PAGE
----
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February 2021


  • How Job-Ready Are Our Graduates?

Sponsored Content: NCEES

  • 2021 NCEES Engineering Education Award


  • Design Challenges Offer Chemical Engineering Students Real-World Lessons


  • Building a Digital Community of Learners


  • Teamwork Makes the Ethics Work


  • What’s On Tap in the March + April 2021 Issue of Prism?


  • Apps Aim to Increase Awareness of Faculty Diversity Issues
  • Virtual Distinguished Lecture: Lt. Governor Garlin Gilchrist
  • McGraw Research Award Recipients Announced
  • Six ASEE Members Elected to the NAE
  • Upcoming Webinar: The Intersection of P–12 STEM Education and Racial Equity


Compiled by Lara Hilliard

Engineers and technologists are vital to U.S. enterprise and national security. Yet industry’s demand continues to outstrip supply. A 2017 National Academies consensus study, for example, estimated that the shortfall in skilled technical workers would total 3.4 million by 2022. The ASEE Corporate Member Council Survey for Skills Gaps in Recent Engineering Graduates sought to measure workforce preparation. Built on ASEE’s NSF-funded Transforming Undergraduate Education in Engineering (TUEE) project, the study was open to all current engineering undergraduates, graduate students, and employed alumni who graduated within the last five years.

Several trends stand out. An overwhelming majority of respondents felt very or somewhat prepared in two key areas sought by employers: a zest for continuous learning (93 percent) and the ability to communicate effectively (89 percent). By contrast, just 41 percent felt very or somewhat prepared for project management—and nearly half had little or no preparation. This research has been published as an e-book and will be shared with registrants of the ASEE/CMC Industry 4.0 Workforce Summit webinar series.

Please visit to register.



Sponsored Content

2021 NCEES Engineering Education Award

The National Council of Examiners for Engineering and Surveying (NCEES) is a nonprofit organization dedicated to advancing professional licensure for engineers and surveyors.

The NCEES Engineering Education Award recognizes college engineering programs for engaging their students in collaborative projects with licensed professional engineers. It was established to promote understanding of the value of licensure and to encourage partnerships between the engineering profession and education.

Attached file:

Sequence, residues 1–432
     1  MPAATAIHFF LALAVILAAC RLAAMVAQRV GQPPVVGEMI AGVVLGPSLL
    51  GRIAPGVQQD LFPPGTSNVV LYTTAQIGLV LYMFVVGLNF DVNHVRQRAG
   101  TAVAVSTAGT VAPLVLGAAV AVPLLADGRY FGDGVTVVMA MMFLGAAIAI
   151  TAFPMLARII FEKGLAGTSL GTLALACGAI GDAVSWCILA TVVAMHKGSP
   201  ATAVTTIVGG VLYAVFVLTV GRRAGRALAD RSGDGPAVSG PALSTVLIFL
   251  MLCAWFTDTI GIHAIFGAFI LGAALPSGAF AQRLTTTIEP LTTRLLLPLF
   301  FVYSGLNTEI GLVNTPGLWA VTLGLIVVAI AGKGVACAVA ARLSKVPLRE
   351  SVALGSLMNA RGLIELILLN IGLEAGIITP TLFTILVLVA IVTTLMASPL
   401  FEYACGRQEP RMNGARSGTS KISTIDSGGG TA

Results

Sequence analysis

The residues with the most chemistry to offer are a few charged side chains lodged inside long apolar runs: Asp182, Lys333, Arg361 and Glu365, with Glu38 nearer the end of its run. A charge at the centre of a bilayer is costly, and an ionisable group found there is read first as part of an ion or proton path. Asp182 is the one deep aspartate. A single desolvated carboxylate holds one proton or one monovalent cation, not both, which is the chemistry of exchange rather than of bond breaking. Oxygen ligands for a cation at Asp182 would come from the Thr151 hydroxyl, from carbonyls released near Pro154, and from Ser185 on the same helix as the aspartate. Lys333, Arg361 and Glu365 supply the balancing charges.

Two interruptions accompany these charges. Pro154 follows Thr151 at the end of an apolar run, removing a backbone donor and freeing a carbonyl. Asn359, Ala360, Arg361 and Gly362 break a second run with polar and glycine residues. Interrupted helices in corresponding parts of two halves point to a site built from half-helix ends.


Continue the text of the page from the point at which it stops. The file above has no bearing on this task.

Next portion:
Due to the cancellation of the 2020 competition, NCEES will be accepting those entries for the 2021 competition cycle. If a program completed a project in 2020, it can be entered for a chance to win one of the 2021 cash awards. Please consider entering projects that integrate professional practice and education.

At the discretion of the award jury, up to eight cash awards are presented each year. EAC/ABET-accredited programs from all engineering disciplines are invited to compete for the $25,000 grand prize and seven $10,000 prizes. The winning engineering departments/colleges decide how to best use the cash award. NCEES encourages the winners to use the funds for the advancement of projects connecting professional practice and education.

 “The Engineering Education Award is a great program,“ said NCEES Engineering Education Award juror Steven Barrett, Ph.D., P.E. “It’s an outstanding method that celebrates engineering student design and collaboration with professional engineers.”

Competition details
The NCEES Engineering Education Award categories are as follows:

• International projects
• Community enhancement projects
• Public welfare and health services/care projects
• Energy and sustainability projects
• Device/design/prototype projects
• Freshman/sophomore design projects
• Innovation projects

Grand prize: $25,000
Up to seven awards: $10,000 each

Projects must be in progress by March 15, 2021. The entry deadline is May 17, 2021. Learn about NCEES Engineering Education Award project ideas, evaluation criteria, and more at



At the University of New Mexico, the chemical and biological engineering department has successfully studded its undergraduate core curriculum with a variety of design challenges that build on one another. The goal: help students better grasp why chemical engineering is a much-needed discipline by having them solve real-world problems on both the local and global level, and give them the chance to develop the skills they’ll need for similar challenges in their careers. In a paper presented at ASEE’s Gulf Southwest Section Conference last April, department members outlined the kinds of design projects the students work on, which incorporate community, industrial, research, or entrepreneurial aspects. The projects begin in students’ freshman year and continue into some graduate-level courses and electives.